In the seminal case of IUE AFL-CIO Pension Fund v. Barker & Williamson, Inc., 788 F.2d 118 (3d Cir.1986), this court recognized that a liberal construction of the MPPAA’s provisions in favor of pension funds is consistent with the statute’s legislative intent. 788 F.2d at 127 (citing H.R.Rep. No. 869, 96th Cong., 2d Sess. 71, reprinted in 1980 U.S.Code Cong. & Ad. News 2918, 2939). Furthermore, “[c]ourts have indicated that because ERISA (and the MPPAA) are remedial statutes, they should be liberally construed in favor of protecting the participants in employee benefit plans.” Id. (citing Smith v. CMTA-IAM Pension Trust, 746 F.2d 587, 589 (9th Cir.1984); Rettig v. PBGC, 744 F.2d 133, 155 (D.C.Cir.1984)). In this case, the majority has disregarded these guideposts, and instead engages in a rigid construction of the MPPAA that is inconsistent with the statute, departs from the prior holdings of this court, and defies the MPPAA’s legislative intent acknowledged by this and other courts.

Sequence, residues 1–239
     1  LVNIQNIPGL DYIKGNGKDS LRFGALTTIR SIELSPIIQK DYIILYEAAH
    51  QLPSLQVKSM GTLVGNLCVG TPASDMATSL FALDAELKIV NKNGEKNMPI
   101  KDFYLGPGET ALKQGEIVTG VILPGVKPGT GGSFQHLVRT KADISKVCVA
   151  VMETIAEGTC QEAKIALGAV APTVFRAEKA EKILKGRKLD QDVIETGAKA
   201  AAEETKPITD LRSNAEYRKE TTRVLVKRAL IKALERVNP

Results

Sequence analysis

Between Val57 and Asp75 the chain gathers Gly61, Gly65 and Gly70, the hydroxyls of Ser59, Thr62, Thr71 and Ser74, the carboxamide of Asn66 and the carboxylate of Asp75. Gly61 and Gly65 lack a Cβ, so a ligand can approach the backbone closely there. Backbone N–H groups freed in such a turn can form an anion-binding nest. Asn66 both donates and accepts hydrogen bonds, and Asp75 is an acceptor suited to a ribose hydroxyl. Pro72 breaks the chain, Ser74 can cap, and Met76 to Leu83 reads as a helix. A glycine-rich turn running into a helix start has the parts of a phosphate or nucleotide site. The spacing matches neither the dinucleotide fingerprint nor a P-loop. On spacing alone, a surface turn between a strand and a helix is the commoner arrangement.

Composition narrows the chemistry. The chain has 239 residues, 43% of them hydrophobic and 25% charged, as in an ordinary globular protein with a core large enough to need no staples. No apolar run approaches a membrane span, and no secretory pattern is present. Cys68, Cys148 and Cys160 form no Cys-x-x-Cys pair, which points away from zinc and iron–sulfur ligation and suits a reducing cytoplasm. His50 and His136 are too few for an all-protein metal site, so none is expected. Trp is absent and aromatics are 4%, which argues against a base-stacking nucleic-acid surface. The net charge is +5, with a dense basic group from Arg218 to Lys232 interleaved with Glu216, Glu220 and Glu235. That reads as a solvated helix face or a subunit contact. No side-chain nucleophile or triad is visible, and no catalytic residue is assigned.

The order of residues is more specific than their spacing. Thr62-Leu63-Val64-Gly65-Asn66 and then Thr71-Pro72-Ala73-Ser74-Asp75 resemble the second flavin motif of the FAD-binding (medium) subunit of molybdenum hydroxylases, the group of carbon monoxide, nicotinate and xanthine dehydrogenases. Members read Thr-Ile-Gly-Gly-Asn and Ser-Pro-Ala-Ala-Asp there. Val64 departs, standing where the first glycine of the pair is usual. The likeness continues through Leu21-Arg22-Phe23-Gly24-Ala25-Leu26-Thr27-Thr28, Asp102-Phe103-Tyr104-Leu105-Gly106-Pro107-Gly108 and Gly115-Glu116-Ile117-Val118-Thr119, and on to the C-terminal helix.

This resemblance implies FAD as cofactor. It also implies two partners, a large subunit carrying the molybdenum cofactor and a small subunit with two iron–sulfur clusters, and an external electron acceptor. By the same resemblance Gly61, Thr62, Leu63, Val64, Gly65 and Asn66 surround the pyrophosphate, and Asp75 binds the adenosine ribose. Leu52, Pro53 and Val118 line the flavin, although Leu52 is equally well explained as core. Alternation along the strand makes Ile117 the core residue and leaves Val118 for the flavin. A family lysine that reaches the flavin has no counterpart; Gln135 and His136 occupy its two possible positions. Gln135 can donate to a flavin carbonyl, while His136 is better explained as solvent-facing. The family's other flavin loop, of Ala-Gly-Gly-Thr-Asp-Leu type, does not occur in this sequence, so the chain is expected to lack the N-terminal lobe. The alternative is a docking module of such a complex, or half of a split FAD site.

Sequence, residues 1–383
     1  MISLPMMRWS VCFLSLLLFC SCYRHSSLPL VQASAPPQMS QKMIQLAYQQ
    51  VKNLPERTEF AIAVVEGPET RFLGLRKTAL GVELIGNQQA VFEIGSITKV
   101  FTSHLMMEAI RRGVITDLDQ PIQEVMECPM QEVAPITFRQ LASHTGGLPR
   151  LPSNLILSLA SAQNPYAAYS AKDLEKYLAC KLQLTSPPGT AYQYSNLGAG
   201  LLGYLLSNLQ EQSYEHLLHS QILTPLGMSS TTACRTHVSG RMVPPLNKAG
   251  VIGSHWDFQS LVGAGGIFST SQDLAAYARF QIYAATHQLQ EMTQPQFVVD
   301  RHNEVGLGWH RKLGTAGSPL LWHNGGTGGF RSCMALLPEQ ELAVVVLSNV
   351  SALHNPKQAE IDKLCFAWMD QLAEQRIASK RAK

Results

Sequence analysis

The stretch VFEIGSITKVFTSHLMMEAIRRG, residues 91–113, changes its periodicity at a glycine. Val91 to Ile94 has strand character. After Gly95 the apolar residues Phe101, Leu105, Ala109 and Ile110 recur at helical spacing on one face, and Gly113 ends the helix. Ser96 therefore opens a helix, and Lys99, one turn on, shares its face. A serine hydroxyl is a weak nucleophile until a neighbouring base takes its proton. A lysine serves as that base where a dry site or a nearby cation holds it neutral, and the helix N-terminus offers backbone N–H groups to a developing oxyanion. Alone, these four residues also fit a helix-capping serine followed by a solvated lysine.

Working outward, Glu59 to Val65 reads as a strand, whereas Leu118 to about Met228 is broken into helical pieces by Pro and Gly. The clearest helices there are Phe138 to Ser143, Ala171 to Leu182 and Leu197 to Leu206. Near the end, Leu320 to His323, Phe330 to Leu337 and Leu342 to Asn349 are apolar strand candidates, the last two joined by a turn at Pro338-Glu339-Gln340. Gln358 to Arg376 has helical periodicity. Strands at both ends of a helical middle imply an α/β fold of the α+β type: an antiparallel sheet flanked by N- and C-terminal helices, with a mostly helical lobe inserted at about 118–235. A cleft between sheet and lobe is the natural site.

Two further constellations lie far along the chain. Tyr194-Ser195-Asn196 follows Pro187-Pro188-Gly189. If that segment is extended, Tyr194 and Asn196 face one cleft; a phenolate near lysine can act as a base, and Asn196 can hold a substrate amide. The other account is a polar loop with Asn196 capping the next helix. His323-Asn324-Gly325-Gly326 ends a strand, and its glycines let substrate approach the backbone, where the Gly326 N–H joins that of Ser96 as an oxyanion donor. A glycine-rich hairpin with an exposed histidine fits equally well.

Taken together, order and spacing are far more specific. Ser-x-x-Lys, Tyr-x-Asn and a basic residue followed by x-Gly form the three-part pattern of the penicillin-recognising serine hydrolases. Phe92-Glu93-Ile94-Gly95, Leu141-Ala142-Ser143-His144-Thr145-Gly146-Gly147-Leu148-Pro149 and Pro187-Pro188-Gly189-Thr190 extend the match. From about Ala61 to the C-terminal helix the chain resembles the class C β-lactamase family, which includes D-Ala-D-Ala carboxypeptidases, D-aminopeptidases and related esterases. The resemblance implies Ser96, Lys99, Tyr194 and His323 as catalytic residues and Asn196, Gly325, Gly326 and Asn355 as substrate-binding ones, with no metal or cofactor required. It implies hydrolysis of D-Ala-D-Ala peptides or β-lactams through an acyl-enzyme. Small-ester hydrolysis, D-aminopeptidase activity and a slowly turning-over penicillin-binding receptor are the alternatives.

There are two significant provisions in the MPPAA that underlie the analysis in this case. First, the MPPAA stipulates that pension funds may treat all trades and businesses under “common control” as a “single employer.” 29 U.S.C. § 1301(b)(1).19 This “single employer” principle allows pension funds to deal exclusively with the defaulting employer known to the fund, while at the same time assuring themselves that legal remedies can be maintained against all related entities in the control group. In Barker & Williamson, we derived from the MPPAA’s “single employer” principle the logical corollary that notice of pension liability provided to one entity in a control group constitutes constructive notice to all entities in the control group. 788 F.2d at 127. We noted the practical necessity for this principle, acknowledging that pension funds have no way of knowing ownership arrangements among closely held corporations. Id. at 128. The court reasoned that: